The recipe has always been the same. Take a couple of legislators, a few do-gooders and form a blue-ribbon panel on some thorny issue we’d rather avoid. Stir in several meetings, gather a few facts for proof, then issue a vanilla-laden report. Set on shelf.
Strong language from the latest task force to look at Louisiana’s fiscal structure indicates those panelists strayed far from the usual recipe.
“A failure to act is not an option,” the Task Force on Structural Changes in Budget and Tax Policy wrote in a strongly worded report released Thursday that recommends wholesale changes in the way state government gathers and spends taxpayer dollars.
A blue-ribbon panel is planning to issue a stinging denunciation of Louisiana’s tax system o…
While supporting continued efforts to spend more efficiently, the panel found that after years of spending cuts, the dollars needed by state government can only come from rolling back special interest tax breaks that little by little have bogged down the system.
It’s supposed to be the basis of legislation to be filed for debate beginning in April.
But Gov. John Bel Edwards and his team have made little effort to build consensus. And Republican legislative leaders want to cut spending before attacking the politically dicey restructuring of the state’s fiscal framework.
“Both sides have dug in,” said state Rep. Julie Stokes, a Kenner Republican.
The administration and Republican majority remain an ocean apart, and it could be 2018 or 2019 before lawmakers tackle serious financial changes. A delay jeopardizes higher education, public K-12 schools, job creation programs, and health care for a quarter of the state’s population, she said.
Even as he pressed the need for structural changes, and reiterated his support for some of the task force’s ideas, Central Republican Rep. Barry Ivey dismissed the report to a gathering of the Chamber of Commerce of East Baton Rouge Parish last week. “We’ve been here before.”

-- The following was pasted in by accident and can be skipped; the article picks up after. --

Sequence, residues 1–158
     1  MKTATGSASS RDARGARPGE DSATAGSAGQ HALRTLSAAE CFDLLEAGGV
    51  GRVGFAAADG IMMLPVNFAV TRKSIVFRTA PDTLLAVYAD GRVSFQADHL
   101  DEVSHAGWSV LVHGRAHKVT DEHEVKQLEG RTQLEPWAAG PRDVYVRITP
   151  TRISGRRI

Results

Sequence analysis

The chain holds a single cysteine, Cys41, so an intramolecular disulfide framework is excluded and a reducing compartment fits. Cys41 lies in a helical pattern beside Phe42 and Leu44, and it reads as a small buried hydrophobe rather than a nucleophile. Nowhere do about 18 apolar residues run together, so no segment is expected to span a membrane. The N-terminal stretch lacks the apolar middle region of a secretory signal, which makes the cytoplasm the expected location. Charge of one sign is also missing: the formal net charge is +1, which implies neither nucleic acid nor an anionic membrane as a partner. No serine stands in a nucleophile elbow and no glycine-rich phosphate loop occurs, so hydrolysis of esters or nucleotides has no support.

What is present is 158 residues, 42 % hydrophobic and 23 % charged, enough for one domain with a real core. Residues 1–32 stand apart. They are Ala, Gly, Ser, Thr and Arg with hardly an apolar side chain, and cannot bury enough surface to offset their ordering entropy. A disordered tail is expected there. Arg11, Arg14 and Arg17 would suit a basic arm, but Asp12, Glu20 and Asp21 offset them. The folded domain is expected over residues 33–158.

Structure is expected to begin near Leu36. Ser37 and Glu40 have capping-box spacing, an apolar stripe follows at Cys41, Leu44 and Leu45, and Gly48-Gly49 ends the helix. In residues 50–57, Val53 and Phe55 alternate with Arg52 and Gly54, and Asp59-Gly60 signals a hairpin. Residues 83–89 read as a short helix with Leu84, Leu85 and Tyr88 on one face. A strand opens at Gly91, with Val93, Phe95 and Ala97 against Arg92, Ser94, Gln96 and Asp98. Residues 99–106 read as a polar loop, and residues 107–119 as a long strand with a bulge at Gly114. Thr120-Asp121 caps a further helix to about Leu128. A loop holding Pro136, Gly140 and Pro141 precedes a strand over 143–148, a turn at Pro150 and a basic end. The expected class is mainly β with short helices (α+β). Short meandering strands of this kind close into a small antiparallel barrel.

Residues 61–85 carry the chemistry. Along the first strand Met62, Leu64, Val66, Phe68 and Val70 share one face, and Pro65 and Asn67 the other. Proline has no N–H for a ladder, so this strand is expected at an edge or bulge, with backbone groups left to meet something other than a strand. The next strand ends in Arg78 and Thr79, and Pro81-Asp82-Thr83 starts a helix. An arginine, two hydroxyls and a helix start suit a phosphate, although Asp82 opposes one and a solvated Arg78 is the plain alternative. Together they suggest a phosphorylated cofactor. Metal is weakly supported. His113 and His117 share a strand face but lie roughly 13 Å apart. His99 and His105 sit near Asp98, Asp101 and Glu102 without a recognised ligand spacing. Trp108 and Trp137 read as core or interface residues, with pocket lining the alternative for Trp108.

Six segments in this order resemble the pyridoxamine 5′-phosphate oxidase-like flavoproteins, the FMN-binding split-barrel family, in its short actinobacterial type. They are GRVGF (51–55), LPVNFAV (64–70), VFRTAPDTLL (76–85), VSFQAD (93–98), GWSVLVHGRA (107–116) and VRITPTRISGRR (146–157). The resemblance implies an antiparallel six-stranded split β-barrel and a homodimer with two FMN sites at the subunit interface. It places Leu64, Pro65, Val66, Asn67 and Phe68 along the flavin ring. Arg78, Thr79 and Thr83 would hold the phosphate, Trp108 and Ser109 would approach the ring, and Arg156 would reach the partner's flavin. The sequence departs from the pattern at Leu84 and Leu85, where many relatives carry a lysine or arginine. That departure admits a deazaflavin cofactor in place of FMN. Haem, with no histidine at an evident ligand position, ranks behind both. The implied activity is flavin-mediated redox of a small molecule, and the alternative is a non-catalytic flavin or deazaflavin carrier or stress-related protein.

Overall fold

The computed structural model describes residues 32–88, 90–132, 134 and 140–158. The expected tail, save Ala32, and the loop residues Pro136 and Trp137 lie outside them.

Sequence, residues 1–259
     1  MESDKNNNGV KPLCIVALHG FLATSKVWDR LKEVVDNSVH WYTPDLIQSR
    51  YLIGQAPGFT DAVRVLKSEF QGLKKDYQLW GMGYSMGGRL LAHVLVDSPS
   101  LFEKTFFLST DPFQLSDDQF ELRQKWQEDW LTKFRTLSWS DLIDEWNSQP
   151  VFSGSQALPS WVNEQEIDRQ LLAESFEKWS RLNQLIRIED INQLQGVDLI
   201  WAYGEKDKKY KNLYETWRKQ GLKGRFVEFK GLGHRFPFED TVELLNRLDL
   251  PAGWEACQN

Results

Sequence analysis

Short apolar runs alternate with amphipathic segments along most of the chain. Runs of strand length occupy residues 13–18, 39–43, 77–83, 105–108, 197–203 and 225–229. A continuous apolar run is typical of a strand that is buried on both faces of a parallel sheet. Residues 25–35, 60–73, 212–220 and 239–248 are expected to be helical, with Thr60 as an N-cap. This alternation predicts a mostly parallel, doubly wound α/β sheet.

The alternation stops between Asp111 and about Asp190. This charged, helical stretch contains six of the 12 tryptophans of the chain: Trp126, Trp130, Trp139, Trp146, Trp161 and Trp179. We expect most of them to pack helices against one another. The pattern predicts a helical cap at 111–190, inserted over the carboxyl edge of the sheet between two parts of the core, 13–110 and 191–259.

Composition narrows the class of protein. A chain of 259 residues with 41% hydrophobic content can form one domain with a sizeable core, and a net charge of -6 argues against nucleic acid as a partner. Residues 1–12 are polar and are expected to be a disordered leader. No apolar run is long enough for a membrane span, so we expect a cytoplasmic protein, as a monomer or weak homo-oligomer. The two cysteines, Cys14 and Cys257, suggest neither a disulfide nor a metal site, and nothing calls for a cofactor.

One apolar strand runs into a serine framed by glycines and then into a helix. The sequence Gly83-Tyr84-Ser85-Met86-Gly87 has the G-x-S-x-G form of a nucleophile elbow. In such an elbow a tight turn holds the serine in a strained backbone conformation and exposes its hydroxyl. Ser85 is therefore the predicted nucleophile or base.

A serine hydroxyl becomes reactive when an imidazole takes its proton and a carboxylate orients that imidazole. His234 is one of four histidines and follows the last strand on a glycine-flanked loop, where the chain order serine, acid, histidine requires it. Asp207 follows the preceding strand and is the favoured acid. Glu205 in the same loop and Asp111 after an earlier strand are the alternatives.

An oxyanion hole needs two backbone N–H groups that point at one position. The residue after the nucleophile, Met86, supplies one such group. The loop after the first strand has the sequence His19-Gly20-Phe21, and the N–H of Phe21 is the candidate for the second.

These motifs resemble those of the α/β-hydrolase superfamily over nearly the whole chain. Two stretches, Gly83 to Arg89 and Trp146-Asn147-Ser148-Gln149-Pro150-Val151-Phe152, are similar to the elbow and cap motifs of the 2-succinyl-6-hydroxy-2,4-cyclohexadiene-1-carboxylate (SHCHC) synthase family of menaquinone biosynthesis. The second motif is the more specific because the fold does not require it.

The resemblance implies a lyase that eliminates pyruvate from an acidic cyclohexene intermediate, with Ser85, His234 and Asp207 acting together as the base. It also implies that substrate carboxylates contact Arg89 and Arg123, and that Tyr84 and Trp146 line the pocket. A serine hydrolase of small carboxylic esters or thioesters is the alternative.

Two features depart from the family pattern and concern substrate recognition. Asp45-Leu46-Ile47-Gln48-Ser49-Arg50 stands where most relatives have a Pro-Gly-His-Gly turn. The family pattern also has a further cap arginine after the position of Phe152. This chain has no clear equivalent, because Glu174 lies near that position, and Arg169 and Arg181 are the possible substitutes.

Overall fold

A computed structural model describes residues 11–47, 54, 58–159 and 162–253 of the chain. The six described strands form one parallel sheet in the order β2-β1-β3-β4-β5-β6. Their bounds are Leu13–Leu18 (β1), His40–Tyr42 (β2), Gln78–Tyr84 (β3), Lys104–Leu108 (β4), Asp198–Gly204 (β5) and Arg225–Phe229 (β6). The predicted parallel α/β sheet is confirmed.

Indeed, legislators last spring rejected one of the task force’s key recommendations: eliminating the provision that allows taxpayers to deduct their federal income tax payments on state tax returns. Louisiana is one of only a few states that allow such a deduction; removing it would annually add about $900 million to the state Treasury.
As Baton Rouge small-business men’s sharpened knives sliced stuffed pork chops, their pointed questioning exposed a deep suspicion of government.
Skewered was state Rep. Franklin Foil, the Baton Rouge Republican who is vice chairman of the House Appropriations Committee and represents the predominantly conservative neighborhoods southeast of LSU.
At one point conversation focused on the possibility of raising the gasoline tax to pay for road and bridge improvements.
Chamber president Cecil Cavanaugh, one of the founding members of the Tea Party of Louisiana, noted that only 11 percent of the money from the existing Transportation Trust Fund, where most of the gasoline taxes flow, goes for infrastructure improvements. That means 89 percent of the fund has been funneled to pay for other expenses.
“Why do you expect me to vote for a gasoline tax when we’re not spending what we have?” Cavanaugh told Foil. “Not only would I not vote for it, I don’t want you to vote for it.”
Rep. Ted James pointed out that an effort to amend the state constitution to stop diverting transportation funds was defeated by voters. A number of the structural changes being considered also will have to be approved by voters.
“Because it had the word ‘tax’ on it, I know that’s why it failed,” he told Chamber members. “When we make these structural tax changes, we need them. When we put the word ‘tax’ on the ballot, don’t just assume that it’s bad.”
James, a Democrat who represents neighborhoods in north Baton Rouge, said he has the luxury of speaking his mind because his constituents don’t retaliate for votes to raise taxes or eliminate tax breaks.
“I know the concerns these guys have because when they vote on these things, they get beat up,” James said, nodding to Foil and Ivey. “The pressure they have comes from voters.”
Back in November 2008, as Bobby Jindal ended his first year as governor, he spoke of constraints imposed on government by distrustful voters.
“Taxpayers are right to be skeptical, at times, of what happens in Baton Rouge, but I do think there is a way to amend the constitution to give that needed flexibility while keeping those checks and balances,” Jindal said then. “It’s not right that we always have to look at health care and higher education as the first places to cut to balance the budget.”
The same test presents itself to Edwards as he begins his second year in office.
Email Mark Ballard at email@example.com.